Prescribing via therapeutic substitution should be limited to drugs within the same therapeutic class

April 1, 2014

We have received several questions about adapting a prescription via therapeutic substitution, and it has come to our attention that some pharmacists are applying this authority very liberally. This authority must not be confused with initiating therapy or prescribing to manage ongoing therapy, which requires additional prescribing authorization.

The legislation and standards indicate that a pharmacist may adapt a prescription from another prescriber by substituting another drug that is expected to have a similar therapeutic effect. This type of adaptation should be limited to drugs within the same therapeutic class. Substituting a drug that employs a different pharmacologic action to achieve a similar therapeutic effect virtually always requires an assessment of the patient and a prescribing judgment. Prescribing based on the pharmacist’s own assessment of the patient requires additional prescribing authorization. 

Examples

  • While it may be appropriate for a pharmacist who does not have additional prescribing authorization to substitute one beta blocker for another or one proton pump inhibitor for another when filling a new prescription, it is not appropriate to substitute a beta-blocker for an ace inhibitor or vise versa when treating hypertension.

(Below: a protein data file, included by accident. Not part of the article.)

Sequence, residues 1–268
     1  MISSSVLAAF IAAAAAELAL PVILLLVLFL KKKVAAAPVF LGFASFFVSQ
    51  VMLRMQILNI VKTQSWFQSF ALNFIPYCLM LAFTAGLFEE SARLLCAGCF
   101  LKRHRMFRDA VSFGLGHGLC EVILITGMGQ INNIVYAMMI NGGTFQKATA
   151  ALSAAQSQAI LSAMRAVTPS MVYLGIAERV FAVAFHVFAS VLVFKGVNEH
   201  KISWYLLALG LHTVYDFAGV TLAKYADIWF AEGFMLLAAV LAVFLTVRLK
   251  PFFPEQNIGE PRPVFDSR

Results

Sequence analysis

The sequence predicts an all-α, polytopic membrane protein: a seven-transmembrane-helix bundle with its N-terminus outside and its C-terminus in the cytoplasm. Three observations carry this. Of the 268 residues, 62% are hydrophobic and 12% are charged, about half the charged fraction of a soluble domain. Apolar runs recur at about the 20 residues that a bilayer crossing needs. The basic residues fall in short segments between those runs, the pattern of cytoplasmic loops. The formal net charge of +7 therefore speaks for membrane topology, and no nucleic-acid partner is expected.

• It is not appropriate for a pharmacist to substitute a topical product containing calcipotriol with one that also contains betamethasone when treating psoriasis.

These examples are prescribing decisions limited to pharmacists who have APA privileges.

Additional information

  • Prescribing by adaptation is allowed for new prescriptions only. Changing a prescription by therapeutic substitution at a refill is considered managing ongoing therapy which requires additional prescribing authorization.
     
  • Substituting a product that includes a combination of more than one drug when only one drug was initially prescribed would be considered initiating drug therapy which requires additional prescribing authorization.

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